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Obama Urges Israel and Palestinians to Negotiate on Basis of 1967 Borders Obama Urges Israel and Palestinians to Negotiate on Basis of 1967 Bord...

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Obama Urges Israel and Palestinians to Negotiate on Basis of 1967 Borders

But he adds mutually agreed-upon land swaps should be part of the deal.


"The borders of Israel and Palestine should be based on the 1967 lines with mutually agreed swaps," President Obama said.(Mark Wilson/Getty Images)

Weighing in on the deadlock in Israeli-Palestinian efforts to forge a peace deal, President Obama urged both sides to negotiate on the basis of Israel's borders before the 1967 Six-Day War, albeit with "mutually agreed" swaps of land.

(PICTURES: Obama's Middle East speech)


"The borders of Israel and Palestine should be based on the 1967 lines with mutually agreed swaps, so that secure and recognized borders are established for both states," Obama said. "The Palestinian people must have the right to govern themselves, and reach their potential, in a sovereign and contiguous state."

(FULL TEXT: Obama's remarks, as prepared for delivery)

Obama made his remarks as part of a much-anticipated address on the Middle East and North Africa delivered at the State Department. The White House had hinted throughout the week that the address would contain new ideas; the comments about 1967 borders, while not entirely new, are rarely aired by an American president and constitute the speech's headline.


Obama's speech attempted to assuage concerns by Israelis that now is not the right time to reopen peace talks. Prime Minister Benjamin Netanyahu, who will meet with Obama on Friday and address Congress on his vision of Israel’s future on Tuesday, argues that there is too much uncertainty with Israel’s neighbors to restart the peace negotiations. He’s particularly distrustful of entering talks with the Palestinians now that Hamas has joined a unity government. Obama suggested Netanyahu’s concerns are legitimate.

“How can one negotiate with a party that has shown itself unwilling to recognize your right to exist?” Obama said. “In the weeks and months to come, Palestinian leaders will have to provide a credible answer to that question.”

But Israel's Prime Minister Benjamin Netanyahu, who is meeting with the president on Friday, criticized the speech saying that Israel's 1967 borders are "indefensible" and noting without a solution to the Palestinian refugee "problem outside the borders of Egypt no territorial concession will bring peace."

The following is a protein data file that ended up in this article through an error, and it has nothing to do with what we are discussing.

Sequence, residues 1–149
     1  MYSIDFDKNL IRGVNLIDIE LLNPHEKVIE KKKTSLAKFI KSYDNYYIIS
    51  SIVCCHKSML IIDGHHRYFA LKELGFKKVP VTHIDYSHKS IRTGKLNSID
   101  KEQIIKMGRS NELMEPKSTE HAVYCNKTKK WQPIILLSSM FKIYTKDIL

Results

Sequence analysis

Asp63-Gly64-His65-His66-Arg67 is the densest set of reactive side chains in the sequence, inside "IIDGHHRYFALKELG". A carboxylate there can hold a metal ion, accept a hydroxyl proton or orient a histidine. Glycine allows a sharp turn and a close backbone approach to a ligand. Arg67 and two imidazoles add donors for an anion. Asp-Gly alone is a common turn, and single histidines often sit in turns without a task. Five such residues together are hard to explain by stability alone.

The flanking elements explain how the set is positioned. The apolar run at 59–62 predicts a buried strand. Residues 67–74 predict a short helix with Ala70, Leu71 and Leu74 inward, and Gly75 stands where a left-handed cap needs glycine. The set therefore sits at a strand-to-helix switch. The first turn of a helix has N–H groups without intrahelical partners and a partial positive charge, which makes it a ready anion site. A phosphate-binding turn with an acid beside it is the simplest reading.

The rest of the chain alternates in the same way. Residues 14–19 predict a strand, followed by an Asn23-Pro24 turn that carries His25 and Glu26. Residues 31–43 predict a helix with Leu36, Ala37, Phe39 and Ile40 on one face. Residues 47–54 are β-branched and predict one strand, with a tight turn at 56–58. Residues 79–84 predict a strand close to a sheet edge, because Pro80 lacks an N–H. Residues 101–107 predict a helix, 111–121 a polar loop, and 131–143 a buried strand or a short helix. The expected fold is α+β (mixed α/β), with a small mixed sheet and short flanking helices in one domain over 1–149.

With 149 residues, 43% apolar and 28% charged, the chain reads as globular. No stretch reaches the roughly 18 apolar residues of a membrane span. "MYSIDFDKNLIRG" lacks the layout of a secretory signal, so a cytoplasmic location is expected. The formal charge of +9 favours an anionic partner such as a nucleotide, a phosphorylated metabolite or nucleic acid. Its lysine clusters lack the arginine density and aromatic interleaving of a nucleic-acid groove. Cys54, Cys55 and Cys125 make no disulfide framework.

Republicans also jumped on the president's comments, including House Majority Leader Eric Cantor, R-Va. and former Minnesota Governor Tim Pawlenty, a presidential candidate, chided the 1967-borders proposal.


Obama also revealed that his administration would provide an additional $2 billion in aid for Egypt and Tunisia, and would attempt to help jump-start the economies of those two nations through trade and economic development.

The wide-ranging address reiterated American support for political reform in the region and condemned the use of violence against protests.

In the lead-up to the speech, the White House suggested that Obama wanted to use the address to mark a historic moment in U.S. policy in the Middle East and the broader Muslim world. Obama noted that over the last decade, the nation’s focus in the region was largely on Iraq and the hunt for Osama bin Laden. But with the war in Iraq winding down and bin Laden dead, his administration has been presented with a new opening to advance U.S. values and recalibrate its vision.

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“There will be perils that accompany this moment of promise,” Obama said. “But after decades of accepting the world as it is in the region, we have a chance to pursue the world as it should be.”

Yet, the speech may come off as dissatisfying on the Arab street. The president didn’t explain how he would sort out friends and enemies in the transforming region.

Obama notably did not call for the removal of Bashar al-Assad as Syria's president. Instead, Obama said Assad had to support reform or leave. The president also said that time is running out for Libyan strongman Muammar el-Qaddafi.

But he did seem to acknowledge that, at times, the United States approach on the reform movement may come off as inconsistent. To that end, he called on Yemeni President Ali Abdullah Saleh to follow through on a commitment to transfer his authority, and Bahrain’s government to take action to meet its citizens calls for democratic reform.

“If America is to be credible, we must acknowledge that our friends in the region have not all reacted to the demands for change consistent with the principles that I have outlined today,” Obama said.

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